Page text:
More than 4,000 black Americans were lynched in the United States between the end of the Civil War and the beginning of World War II. These were often public spectacles, sadistic and grotesque displays meant to intimidate blacks and flaunt white superiority. They were acts of domestic terrorism. At least 40 racial terror lynchings occurred in Maryland
Despite the progress of the civil rights era, it’s clear that the legacy of racism endures in our country. We believe the injuries it still inflicts can't be healed until it is confronted. There must be truth before there can be reconciliation.
The Maryland Lynching Memorial Project was created to advance the cause of reconciliation in our state by:
· documenting terror lynchings that took place in Maryland
· encouraging public discourse about this history and its continuing influence
· advocating for public recognition of these crimes
We believe these efforts will foster greater empathy and help us find a path to reconciliation.
Following a successful launch in March, a second community meeting will be held in Prince George’s County to organize and begin planning community remembrance projects commemorating the five documented lynchings that took place there. New members are welcome! Please plan on joining us!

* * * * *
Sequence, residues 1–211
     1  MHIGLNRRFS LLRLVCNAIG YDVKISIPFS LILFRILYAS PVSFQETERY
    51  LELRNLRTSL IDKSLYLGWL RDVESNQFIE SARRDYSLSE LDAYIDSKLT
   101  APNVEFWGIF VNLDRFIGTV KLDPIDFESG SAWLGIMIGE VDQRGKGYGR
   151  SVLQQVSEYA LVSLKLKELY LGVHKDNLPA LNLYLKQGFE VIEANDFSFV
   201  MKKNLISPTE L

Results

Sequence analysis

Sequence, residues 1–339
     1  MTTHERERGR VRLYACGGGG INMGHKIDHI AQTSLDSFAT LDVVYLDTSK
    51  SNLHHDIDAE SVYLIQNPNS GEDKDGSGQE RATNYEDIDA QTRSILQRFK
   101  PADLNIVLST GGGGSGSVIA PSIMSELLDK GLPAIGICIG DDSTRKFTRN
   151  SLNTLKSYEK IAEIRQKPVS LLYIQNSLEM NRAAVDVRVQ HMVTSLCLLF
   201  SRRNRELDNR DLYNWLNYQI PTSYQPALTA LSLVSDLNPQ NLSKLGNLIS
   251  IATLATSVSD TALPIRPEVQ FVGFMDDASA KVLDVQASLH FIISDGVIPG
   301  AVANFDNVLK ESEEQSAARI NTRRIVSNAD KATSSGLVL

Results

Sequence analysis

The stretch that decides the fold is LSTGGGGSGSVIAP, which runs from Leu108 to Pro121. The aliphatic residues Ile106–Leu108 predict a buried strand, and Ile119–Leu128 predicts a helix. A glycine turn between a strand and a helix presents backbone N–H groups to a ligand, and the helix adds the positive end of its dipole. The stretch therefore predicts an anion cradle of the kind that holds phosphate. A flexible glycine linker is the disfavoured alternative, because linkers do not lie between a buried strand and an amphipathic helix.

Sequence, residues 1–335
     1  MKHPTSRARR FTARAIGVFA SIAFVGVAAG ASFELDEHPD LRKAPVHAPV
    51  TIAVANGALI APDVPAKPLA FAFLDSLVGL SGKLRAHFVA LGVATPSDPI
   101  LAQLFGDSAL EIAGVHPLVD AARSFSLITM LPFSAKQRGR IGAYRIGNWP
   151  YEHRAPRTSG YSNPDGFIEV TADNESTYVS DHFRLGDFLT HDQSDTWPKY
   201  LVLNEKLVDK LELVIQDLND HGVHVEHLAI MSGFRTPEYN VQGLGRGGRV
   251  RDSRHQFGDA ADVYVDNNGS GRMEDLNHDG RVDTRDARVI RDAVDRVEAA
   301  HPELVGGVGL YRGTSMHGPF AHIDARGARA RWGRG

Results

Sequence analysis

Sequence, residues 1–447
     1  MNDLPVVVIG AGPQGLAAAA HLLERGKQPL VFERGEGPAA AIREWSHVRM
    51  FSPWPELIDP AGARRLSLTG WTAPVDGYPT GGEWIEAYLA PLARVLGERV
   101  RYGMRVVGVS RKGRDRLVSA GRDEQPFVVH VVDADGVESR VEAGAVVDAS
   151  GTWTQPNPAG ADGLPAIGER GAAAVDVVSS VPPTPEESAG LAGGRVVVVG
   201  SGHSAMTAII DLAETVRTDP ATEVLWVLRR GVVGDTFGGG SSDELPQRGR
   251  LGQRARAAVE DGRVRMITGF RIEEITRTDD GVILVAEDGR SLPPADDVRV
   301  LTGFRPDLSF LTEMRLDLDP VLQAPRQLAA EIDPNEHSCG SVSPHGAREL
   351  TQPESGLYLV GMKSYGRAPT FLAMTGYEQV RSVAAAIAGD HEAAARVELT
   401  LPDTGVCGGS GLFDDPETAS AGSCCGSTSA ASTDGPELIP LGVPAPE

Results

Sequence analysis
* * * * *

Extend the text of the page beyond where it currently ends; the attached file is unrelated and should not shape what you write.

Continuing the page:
The Prince George’s County meeting will be held on Sunday, April 28 from 2p to 4p at the University Christian Church in Hyattsville. To register, click here:
Professor Shytierra Gaston from Northeastern University is conducting a study entitled, “Accounting the Intergenerational Harms of Racial Violence.” This study documents the harms of racial violence for victims and their descendants in the short- and long-term.
Dr. Gaston is currently recruiting and conducting interviews with the descendants of lynching victims. The interviews will cover a range of topics, including the circumstances and impacts of the racial violence incident, the role of criminal justice actors (e.g., police), and descendants' wishes for justice and reconciliation. Interviews are expected to last one to two hours and will be conducted via video conferencing or in-person. Participants will receive $50 after the interview.
The interviews will be analyzed and compiled to produce findings for researchers, policy makers, practitioners, and justice advocates. To learn more about this study or to schedule an interview, please contact Dr. Gaston by phone at (978) 315-0550 or by e-mail at firstname.lastname@example.org.